Combine Weet-Bix and 1/2 cup boiling water in a small bowl. Stir to make a porridge, and set aside. Combine So Good milk and 1/4 cup boiling water in a large bowl – the liquid should be room temperature, not hot. Add honey and sprinkle over yeast, stirring well. Set aside 5 to 10 minutes until foamy – this means your yeast is alive.
Add Weet-Bix porridge and oil to the yeast mixture. Stir, with a large spoon or scraper, then add the white flour, wholemeal flour, 1 tsp cinnamon, and salt. Mix well, using clean hands if necessary, to create a shaggy dough with no visible dry ingredients.
Cover bowl and rest for 10 mins, to allow the dry ingredients to hydrate – this makes the dough much easier to knead. Dust bench-top lightly with a bit of extra flour and turn dough out of bowl. Knead 3 mins, adding a pinch or two of extra flour if necessary. The dough should be smooth and elastic.
Flatten dough into a rough round, sprinkle over remaining 1 tsp cinnamon and the diced apple. Roll to enclose apple in the dough, and knead a further minute or two to evenly distribute.
Drizzle about a teaspoon of extra oil into the mixing bowl, add dough, and turn to coat. Cover bowl with plastic or a damp tea towel, and leave to rise in a warm place until doubled in size, roughly 1 hour.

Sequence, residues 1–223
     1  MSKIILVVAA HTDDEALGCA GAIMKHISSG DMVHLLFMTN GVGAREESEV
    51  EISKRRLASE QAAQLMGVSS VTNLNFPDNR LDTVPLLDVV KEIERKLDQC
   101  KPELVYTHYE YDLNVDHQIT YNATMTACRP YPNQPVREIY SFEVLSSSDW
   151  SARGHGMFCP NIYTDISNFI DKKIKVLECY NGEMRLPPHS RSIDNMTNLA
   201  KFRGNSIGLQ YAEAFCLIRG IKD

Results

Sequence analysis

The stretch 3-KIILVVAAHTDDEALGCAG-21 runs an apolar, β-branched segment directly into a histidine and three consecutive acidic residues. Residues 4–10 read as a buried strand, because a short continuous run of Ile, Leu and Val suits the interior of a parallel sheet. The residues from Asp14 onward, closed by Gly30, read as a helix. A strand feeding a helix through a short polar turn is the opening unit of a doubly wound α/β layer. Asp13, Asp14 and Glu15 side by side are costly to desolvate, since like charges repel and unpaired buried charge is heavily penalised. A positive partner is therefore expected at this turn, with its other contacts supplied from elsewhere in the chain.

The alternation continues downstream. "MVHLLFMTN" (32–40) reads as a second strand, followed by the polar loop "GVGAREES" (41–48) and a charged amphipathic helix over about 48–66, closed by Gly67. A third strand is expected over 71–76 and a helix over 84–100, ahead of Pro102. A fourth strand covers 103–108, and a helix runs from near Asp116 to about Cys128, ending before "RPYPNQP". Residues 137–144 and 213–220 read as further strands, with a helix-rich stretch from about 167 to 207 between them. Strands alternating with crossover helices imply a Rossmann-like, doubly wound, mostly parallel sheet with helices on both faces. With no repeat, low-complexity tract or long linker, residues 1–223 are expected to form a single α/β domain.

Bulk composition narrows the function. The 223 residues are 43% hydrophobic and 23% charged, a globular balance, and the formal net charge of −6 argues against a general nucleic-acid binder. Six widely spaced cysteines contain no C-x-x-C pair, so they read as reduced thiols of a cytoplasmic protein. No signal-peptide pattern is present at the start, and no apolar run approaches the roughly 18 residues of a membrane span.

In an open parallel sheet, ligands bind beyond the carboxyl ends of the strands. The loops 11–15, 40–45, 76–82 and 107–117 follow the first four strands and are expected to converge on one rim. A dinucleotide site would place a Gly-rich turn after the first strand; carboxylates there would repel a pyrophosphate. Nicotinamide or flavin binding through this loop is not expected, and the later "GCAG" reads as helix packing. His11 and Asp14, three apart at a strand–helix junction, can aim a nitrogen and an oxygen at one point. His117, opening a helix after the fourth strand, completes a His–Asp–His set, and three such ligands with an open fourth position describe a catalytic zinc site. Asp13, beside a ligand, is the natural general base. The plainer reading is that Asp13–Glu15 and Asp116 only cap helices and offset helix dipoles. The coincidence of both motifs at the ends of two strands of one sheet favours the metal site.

Punch down dough, divide into 12 even pieces and form into balls. Line an oven tray with baking paper and arrange buns on the tray, leaving about 1 cm between each. Cover tray with plastic or a damp tea towel and leave buns to rise until nearly doubled, 30 - 45 mins.
During the last 15 minutes of rising, preheat oven to 180°C (355°F). In a small bowl, combine flour and water for the crosses and stir to create a thick, smooth, paste. Spoon paste into a small piping bag and pipe crosses onto buns.
Bake 22 - 25 minutes, until golden. Cool slightly on tray, then transfer to a rack and brush with warm honey, if using.
Blooming the yeast first (Step 1) confirms it’s fresh and alive before adding the other ingredients. If you’re not used to working with yeast, blooming in a narrow jug instead of a wide bowl can make it easier to see activity.
Rising time of dough can vary based on the temperature of your kitchen and temperature of ingredients used. Dough will rise more quickly in warmer weather, slower when it’s cooler.
The need for extra flour will depend on a range of factors including brand used, and humidity in the air. It’s better to have dough that’s a bit sticky or tacky after kneading, than one that is dry and too firm! Flour will continue to absorb liquid as it rises.